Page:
Transcatheter Aortic Valve Replacement (TAVR)
by Dr. Steven Kernis
Aortic stenosis is a common condition which involves narrowing of the opening of the aortic valve. The aortic valve contains leaflets which act like a door and when it opens it allows blood to exit the heart and travel to the entire body outside of the lungs. The work that the heart must endure to pump blood across this restricted valve opening is greatly increased when aortic stenosis becomes severe. The only treatment for this condition is to replace the damaged aortic valve with a new one.
Unfortunately, a majority of patients with severe aortic stenosis in need of valve replacement surgery are at excessive or prohibitively high risk for conventional open-heart surgery. Multiple medical conditions, advanced age, and frailty can account for this elevated risk. Importantly, if left untreated, severe aortic stenosis can lead to heart failure and death.
Luckily, a new, far less invasive procedure called transcatheter aortic valve replacement (TAVR) has emerged for the treatment of severe, symptomatic aortic stenosis in patients with high- or prohibitive-surgical risk. This involves inserting a catheter containing a tissue valve inside a stent into the femoral artery and positioning it inside the diseased aortic valve. The stent valve is then deployed in a process akin to opening a stent inside a heart artery. The procedure is similar to a cardiac catheterization and it does not involve opening the chest, stopping the heart, or using a heart-lung bypass machine.
The TAVR procedure has been extensively studied for over 5 years and multiple large clinical studies have shown it to be equally safe and effective as compared with surgical aortic valve replacement. The PARTNER (Placement of Aortic Transcatheter Valve) Trial was the large, randomized clinical trial that tested the TAVR procedure. It was initiated in 2007 and the study outcomes were so positive that this study led to the FDA approval of the TAVR device for commercial use in 2011. In the Fall of 2012, the FDA expanded the indications of the procedure to include high risk patients in addition to the previously accepted prohibitive risk individuals from the year before. As compared with no replacement (i.e.: medical therapy), TAVR reduces the risk of dying by 50% within 1 year. In fact, there has never been a therapy (medical or interventional) in cardiovascular medicine to have this profound improvement in patient prognosis.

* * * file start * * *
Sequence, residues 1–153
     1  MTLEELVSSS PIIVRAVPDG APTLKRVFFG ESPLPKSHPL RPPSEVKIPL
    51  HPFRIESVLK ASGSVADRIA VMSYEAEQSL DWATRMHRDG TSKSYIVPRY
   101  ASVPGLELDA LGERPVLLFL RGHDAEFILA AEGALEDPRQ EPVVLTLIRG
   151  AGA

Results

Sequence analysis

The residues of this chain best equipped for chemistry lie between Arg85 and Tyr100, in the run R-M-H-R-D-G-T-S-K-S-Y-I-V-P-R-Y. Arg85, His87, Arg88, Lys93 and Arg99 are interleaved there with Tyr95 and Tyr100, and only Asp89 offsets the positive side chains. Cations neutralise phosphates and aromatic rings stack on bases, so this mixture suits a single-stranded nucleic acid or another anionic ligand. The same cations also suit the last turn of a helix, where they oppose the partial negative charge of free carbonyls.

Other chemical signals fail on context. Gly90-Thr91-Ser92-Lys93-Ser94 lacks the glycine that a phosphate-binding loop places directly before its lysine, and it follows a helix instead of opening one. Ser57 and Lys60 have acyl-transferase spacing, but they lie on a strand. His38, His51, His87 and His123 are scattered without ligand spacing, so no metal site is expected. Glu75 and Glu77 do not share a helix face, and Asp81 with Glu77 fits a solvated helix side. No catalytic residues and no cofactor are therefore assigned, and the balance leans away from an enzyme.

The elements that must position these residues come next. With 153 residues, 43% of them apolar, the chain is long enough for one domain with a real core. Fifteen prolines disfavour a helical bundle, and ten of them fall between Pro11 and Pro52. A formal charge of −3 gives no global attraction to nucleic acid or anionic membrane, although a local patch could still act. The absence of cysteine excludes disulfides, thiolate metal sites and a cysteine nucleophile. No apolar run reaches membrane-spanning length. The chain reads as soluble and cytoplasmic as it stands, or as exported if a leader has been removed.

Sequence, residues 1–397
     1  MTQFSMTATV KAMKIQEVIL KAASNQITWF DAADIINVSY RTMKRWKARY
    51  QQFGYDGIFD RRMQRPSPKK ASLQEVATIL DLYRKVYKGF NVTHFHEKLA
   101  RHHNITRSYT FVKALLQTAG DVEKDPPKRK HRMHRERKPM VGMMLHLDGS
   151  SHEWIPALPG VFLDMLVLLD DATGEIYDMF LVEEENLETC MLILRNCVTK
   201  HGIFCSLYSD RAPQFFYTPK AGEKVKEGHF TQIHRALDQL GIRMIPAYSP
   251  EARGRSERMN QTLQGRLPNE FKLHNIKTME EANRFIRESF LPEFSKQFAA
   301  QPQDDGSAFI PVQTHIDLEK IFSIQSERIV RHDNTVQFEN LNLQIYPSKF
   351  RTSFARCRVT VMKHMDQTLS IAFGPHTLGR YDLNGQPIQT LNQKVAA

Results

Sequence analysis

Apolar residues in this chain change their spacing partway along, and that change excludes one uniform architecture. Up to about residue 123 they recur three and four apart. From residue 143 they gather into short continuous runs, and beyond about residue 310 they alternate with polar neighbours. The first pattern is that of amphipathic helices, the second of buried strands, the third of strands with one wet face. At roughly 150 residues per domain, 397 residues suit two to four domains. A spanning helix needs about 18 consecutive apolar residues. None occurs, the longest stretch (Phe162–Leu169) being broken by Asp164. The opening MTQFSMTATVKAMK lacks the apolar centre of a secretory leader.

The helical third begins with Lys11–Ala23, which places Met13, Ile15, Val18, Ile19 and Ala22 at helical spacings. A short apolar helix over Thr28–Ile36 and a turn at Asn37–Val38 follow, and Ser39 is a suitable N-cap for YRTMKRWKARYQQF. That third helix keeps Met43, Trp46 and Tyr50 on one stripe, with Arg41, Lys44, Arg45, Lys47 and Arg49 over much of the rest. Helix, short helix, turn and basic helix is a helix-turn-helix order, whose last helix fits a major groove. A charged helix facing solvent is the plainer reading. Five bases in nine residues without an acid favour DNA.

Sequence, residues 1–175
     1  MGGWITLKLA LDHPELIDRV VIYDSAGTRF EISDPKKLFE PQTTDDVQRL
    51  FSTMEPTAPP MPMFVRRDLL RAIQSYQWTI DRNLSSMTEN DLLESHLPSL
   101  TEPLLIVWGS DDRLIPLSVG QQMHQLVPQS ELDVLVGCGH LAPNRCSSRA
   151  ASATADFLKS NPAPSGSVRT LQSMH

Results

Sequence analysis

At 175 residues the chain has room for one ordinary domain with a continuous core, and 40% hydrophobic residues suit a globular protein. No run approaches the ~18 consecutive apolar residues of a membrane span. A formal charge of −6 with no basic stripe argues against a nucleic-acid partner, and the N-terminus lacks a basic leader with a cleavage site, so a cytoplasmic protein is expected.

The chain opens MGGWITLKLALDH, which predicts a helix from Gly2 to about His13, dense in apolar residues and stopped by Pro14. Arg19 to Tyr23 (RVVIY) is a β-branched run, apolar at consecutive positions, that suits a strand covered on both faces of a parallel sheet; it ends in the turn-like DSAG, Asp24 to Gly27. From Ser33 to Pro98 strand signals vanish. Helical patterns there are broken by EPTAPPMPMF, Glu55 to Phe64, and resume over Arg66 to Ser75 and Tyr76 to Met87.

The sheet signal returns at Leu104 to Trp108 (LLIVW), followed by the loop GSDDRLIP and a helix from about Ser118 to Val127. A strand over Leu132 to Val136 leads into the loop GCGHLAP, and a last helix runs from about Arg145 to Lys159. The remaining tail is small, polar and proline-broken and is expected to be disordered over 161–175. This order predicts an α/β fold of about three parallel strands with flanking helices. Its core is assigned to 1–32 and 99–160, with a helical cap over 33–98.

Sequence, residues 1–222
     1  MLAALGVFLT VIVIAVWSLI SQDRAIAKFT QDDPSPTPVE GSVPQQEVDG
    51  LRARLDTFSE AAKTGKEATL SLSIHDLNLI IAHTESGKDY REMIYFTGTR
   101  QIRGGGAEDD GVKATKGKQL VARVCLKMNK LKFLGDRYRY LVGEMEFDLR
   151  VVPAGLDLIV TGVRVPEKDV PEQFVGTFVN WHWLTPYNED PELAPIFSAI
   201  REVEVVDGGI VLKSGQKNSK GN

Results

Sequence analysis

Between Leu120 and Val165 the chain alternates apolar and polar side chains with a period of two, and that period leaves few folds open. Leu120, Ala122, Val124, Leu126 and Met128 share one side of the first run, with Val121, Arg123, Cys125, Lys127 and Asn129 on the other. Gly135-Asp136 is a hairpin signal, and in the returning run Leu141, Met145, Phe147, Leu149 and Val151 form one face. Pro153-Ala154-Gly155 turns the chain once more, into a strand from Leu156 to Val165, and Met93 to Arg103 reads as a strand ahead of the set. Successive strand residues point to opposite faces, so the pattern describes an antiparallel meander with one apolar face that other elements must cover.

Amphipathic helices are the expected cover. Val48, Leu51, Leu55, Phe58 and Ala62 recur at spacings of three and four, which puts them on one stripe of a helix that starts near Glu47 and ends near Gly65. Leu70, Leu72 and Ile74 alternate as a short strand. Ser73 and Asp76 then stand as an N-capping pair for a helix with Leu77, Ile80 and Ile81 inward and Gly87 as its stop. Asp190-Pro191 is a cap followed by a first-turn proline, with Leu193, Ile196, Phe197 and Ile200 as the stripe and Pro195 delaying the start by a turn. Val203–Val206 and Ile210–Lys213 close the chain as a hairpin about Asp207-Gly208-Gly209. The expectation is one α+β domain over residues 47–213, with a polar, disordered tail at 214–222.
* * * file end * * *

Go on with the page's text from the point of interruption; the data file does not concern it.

A minority of medical centers in the U.S. perform this groundbreaking technology. Lourdes Medical Center is just one of two hospitals in southern New Jersey which offers this procedure. Stringent prerequisites established by the medical community require that a hospital have a heart team consisting of very experienced, advanced multispecialty physicians to work together in evaluating and treating patients considered for and undergoing TAVR. The physician team performing the procedure is led by the interventional cardiologist and the cardiac surgeon. Additionally, there is a large supporting cast of physicians and non-physician medical personnel who participate closely in the management of these patients.
TAVR is another great example of the movement of medical procedural therapies towards a less invasive approach. Any interventional or surgical treatment that can be performed with equal or better success and safety is clearly attractive to people. It is anticipated that TAVR will be offered to less high risk individuals over the next few years.